The Politics of Fear
Bearcat stands for Ballistic Engineered Armored Response Counter-Attack Truck.
Birdie Hall | Friday Oct. 31st, 2014
American hero Mark Twain commented many years ago on the absurdity of our public servants’ behavior. “Sometimes I wonder whether the world is run by smart people who are putting us on or by imbeciles who really mean it.” After a six-hour city council meeting I attended nearly a month ago, members of the community and I are asking the same thing. We elected a panel of people who not only acted disrespectfully towards an outcry of public concern, but also allowed flagrant disregard against the policies they are employed to keep in place. For those of you who missed the extensive coverage surrounding the Bearcat fiasco, allow me to simplify some things and evaluate accordingly. Last October (over a year ago), the Bozeman police department applied for a $250,000 Homeland Security grant without approval from the city commission. According to Bozeman city policy, any local organization seeking a grant over 10K (including obtainment of everything from leaf-blowers to garbage trucks) must first be city-approved. The Bozeman Police Department did not follow the rules of the city commission, nor did they tell anyone on the council (save Chris Kukulski, city manager who signed the grant) about a free $250,000 armored tank. Less than a week after applying for this game-changing award, the grant was approved!
In May 2014 our police force received their Lenco Bearcat, unbeknownst to the community. How did this happen? Two contributing factors: None of the commissioners were informed, and the vehicle was only transported at night. Police Chief Ron Price claimed that the whole situation spurned from an “error in paperwork”, denying any bad intentions. Price added that before a public unveiling, the department intended to put the “Rescue” stickers on the vehicle so as not to frighten people. Until local news networks leaked the story more than three months later, virtually no one was aware of the massive purchase. On October 6th, 2014 city commissioners were met with a small crowd of disgruntled citizens and the problem of dealing with a seedily obtained paramilitary vehicle.
Despite the staggering number of issues brought to the table by a significant amount of people, a petition with over a thousand signatures against the Lenco Bearcat, and a bumbling police force, our city leaders voted 4-1 for ratifying what is essentially a small tank into our community. It was quite frankly a shameful display of idiocy and disregard for public policy and the public itself.
Before the meeting I stopped to take part in the last-minute public unveiling of the Bearcat. Nestled snugly in the Fire Station 1 parking lot at 5pm, I spent a few minutes contemplating the slightly grotesque sight in front of me. Two photographers snapped pictures from different angles; officers stood jovially waiting to answer any questions we might have. The vehicle itself was quite frankly a disappointment from the Lenco promotional video that many others and I have watched on the Internet. I didn’t see a giant military tank crushing houses with a battering ram or multiple canisters of CS gas spraying victoriously, there weren’t even any machine guns ready to spray ammo on passers-by. Just a giant black truck with empty gun ports and large white printed words on the front: POLICE, and RESCUE. I spoke with Officer Stratman in regards to the spectacle in front of me. He informed me that the inside of the monstrous truck is only six square feet. “I bet I could fit twenty kids in there”. Maybe, if we stack them like sardines on a scenic field trip to Museum of the Rockies. What I somehow failed to understand was that the main purpose of the vehicle was for “negotiating hostage situations” and “moving people” from dangerous events. According to the Bozeman Police Department, the vehicle would never be used for crowd control or drug raids. I was reminded this several times as I questioned multiple officers. After the obvious evidence of evading policy and the public, however, I was not convinced. “I don’t look at it (the Bearcat) for us”, Stratman said, “but for the community.” It’s a community asset. I decided to prod a bit more. “So if the Bozeman community came together and decided they don’t want this, what would you do?” According to Officer Stratman, the police force would “evaluate based upon whether we need it to protect the community”. Didn’t the police already evaluate this with their Notice of Intent? The lack of transparency displayed by our law enforcement officers was making itself more apparent.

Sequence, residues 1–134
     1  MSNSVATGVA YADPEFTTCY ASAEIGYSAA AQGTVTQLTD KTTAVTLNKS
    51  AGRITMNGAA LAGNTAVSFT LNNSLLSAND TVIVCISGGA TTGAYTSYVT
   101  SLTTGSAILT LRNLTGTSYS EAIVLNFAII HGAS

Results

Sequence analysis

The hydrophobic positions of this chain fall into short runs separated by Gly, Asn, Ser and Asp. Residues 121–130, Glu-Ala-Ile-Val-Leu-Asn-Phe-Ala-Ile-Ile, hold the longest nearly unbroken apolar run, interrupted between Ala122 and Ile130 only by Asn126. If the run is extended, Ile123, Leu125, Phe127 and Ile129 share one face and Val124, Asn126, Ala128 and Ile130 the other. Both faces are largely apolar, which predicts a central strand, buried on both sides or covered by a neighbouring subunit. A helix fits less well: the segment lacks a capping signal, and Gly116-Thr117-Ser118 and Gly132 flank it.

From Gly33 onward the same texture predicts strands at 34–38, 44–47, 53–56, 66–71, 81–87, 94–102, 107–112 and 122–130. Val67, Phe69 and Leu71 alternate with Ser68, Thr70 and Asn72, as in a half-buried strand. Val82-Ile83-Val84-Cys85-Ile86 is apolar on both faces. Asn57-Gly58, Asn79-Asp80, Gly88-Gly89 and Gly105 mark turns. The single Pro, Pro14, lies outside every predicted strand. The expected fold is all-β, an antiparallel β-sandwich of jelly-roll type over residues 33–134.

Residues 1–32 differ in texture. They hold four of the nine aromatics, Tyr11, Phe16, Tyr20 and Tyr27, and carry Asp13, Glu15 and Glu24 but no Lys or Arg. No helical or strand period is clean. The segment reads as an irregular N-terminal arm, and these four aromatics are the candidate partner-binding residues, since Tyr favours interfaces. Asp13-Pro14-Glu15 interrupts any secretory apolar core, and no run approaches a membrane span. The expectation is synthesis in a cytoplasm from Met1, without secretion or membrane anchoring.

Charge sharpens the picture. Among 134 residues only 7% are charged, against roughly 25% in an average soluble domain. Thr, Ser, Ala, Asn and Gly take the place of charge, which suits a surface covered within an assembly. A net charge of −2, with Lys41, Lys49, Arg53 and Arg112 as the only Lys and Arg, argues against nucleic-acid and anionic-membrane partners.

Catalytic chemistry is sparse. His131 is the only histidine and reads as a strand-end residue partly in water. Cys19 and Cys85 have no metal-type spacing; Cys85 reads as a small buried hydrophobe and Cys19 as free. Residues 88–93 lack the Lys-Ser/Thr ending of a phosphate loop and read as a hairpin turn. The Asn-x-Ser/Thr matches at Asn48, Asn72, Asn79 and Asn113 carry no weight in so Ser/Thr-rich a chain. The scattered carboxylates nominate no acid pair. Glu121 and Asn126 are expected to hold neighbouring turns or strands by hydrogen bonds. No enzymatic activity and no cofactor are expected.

Fast forward six hours later. It’s 11pm and only about forty remain after the intense first round of public comment and lukewarm interrogation of police chief Ron Price. Earlier, over one hundred citizens packed themselves into city hall, most of them speaking against the vehicle. It was possibly the most impressive display of peaceful assembly I’ve ever seen. Citizens of every class and political background came together, setting their differences aside in solidarity for recognizing the decaying infrastructure of American civil liberties. Dozens of people spoke against the Bearcat, save the few testimonies of police and their wives, about four firefighters, two paramedics, and a well intentioned retired military vet. Those defending the Bearcat spoke exclusively in terms of rescuing children and protecting police against lone gunmen. Butte resident Jerry Williams, who holds a head position in the Montana Police Protection Agency, made his pleas to keep the vehicle loud and clear. He assured the entire audience that it was just “a matter of time” (he guaranteed) before the police would need the vehicle, and that when his neighbor starts shooting high-powered ammo (I’m not making this up) at him, the Bearcat would come aid in his evacuation. It sounds like what Mr. Williams really needs is new neighbors. County attorney Marty Lambert passed around terrifying security photos of police attempting to stop an insane man locked in a Belgrade storage unit from huffing paint and shooting people. I’m not kidding. This is what the Bearcat could prevent, and by choosing to send it back, we would be endangering the lives of our police officers. Another policeman said the Bearcat had already assisted officers in decompressing a shooting situation: The local SRT Police team allegedly pulled up to a window, blocking the shooter’s sight. In all honesty, these testimonies came off as inconsistent and suspiciously absurd. The logistics of the BPD’s arguments (once more) were not adding up.